Group calls for moving San Onofre waste to Arizona
Union Tribune (2016-08-19) Rob Nikolewski
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by a group that wants to transfer the 3.6 million pounds of nuclear waste sitting at the San Onofre Nuclear Generating Station (SONGS) to a facility in Arizona continues to wend its way through state court.
"Transporting (the waste) there as a point of temporary storage opens up other possibilities and it creates much less risk than putting it on the ocean," said Michael Aguirre
, the group's attorney.
In the suit filed in Superior Court, San Diego resident Patricia Borchmann and the advocacy group Citizens Oversight want the court to revoke an October 2015 decision
by the California Coastal Commission allowing the spent fuel at SONGS to be stored onsite in dry casks, within sight of the Pacific.
Southern California Edison (SCE) operates SONGS and the lawsuit's petitioners say the waste should be moved and stored at the Palo Verde Nuclear Generating Station
, located about 50 miles west of Phoenix
SCE is a part owner of the Palo Verde plant, with a 15.8 percent stake
That, Aguirre says, could help pave the way for SCE moving the spent fuel from the shoreline of San Onofre to the deserts of Arizona.
"At least that gets their foot in the front door," Aguirre said.
But there are a number of hurdles, including oversight by the federal government's Nuclear Regulatory Commission
"We don’t regard that as a feasible option because Palo Verde’s NRC license only permits Palo Verde to store its own fuel rods — not fuel from other reactors," Maureen Brown, SCE's Senior Media Relations Project Manager said in an email.
According to the NRC, Palo Verde uses a different storage design than SONGS.
"Before receiving any fuel, Palo Verde would need to do an evaluation to determine whether the system used at SONGS could be used at Palo Verde," Maureen Conley, public affairs officer at the NRC, said in an email to the Union-Tribune.
There are also questions about how the waste would be moved — by truck or by rail, for instance — that would likely require involvement by federal agencies such as the Department of Energy and the Department of Transportation.
Related: Why San Onofre's nuclear waste stays on the beach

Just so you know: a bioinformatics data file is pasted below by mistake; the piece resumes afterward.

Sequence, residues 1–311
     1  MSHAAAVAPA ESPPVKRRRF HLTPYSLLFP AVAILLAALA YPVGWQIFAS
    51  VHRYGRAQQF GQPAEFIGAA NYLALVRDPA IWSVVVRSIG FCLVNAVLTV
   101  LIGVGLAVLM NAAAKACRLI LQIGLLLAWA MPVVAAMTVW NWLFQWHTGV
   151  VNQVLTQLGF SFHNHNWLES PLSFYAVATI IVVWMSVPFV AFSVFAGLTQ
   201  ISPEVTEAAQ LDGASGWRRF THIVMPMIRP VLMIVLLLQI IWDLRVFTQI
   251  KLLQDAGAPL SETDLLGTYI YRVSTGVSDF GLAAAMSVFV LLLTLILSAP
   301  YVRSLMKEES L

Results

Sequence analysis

In addition, the idea of shipping the waste out of California would assuredly raise protests from Arizona residents, something Aguirre acknowledged.
"But putting the waste on the shoreline ... is a national problem," Aguirre said. "It's not a San Diego problem or a state problem and ... we have to weigh what is in the best interests of the nation. And in the long run, the best interest is to put it in (Palo Verde) where they already have a lot of stored nuclear waste."
Aguirre said his group calls for offering a compensation package that would make officials in Arizona more amenable to accepting the spent fuel from SONGS.
In addition, the suit's petitioners want the California's governor's office as well as state agencies such as the California Public Utilities Commission and the California Energy Commission to work with the NRC and SCE to help broker a deal.
"Let's at least try instead of just dismissing it out of hand," Aguirre said.
It's been estimated about 8.4 million people
live within a 50-mile area of SONGS.
Aguirre, as well as attorneys from Southern California Edison and the Coastal Commission were in San Diego County Superior Court
on Friday, appearing before Judge Judith Hayes.
SCE has called for a dismissal of the case, arguing that Aguirre missed a filing deadline.
After listening to both sides in a brief hearing, Hayes announced she will take the matter under submission. A decision is expected in about one week.
Should the lawsuit move forward, a hearing is set for Nov. 18. [NEW DATE IS April 14]
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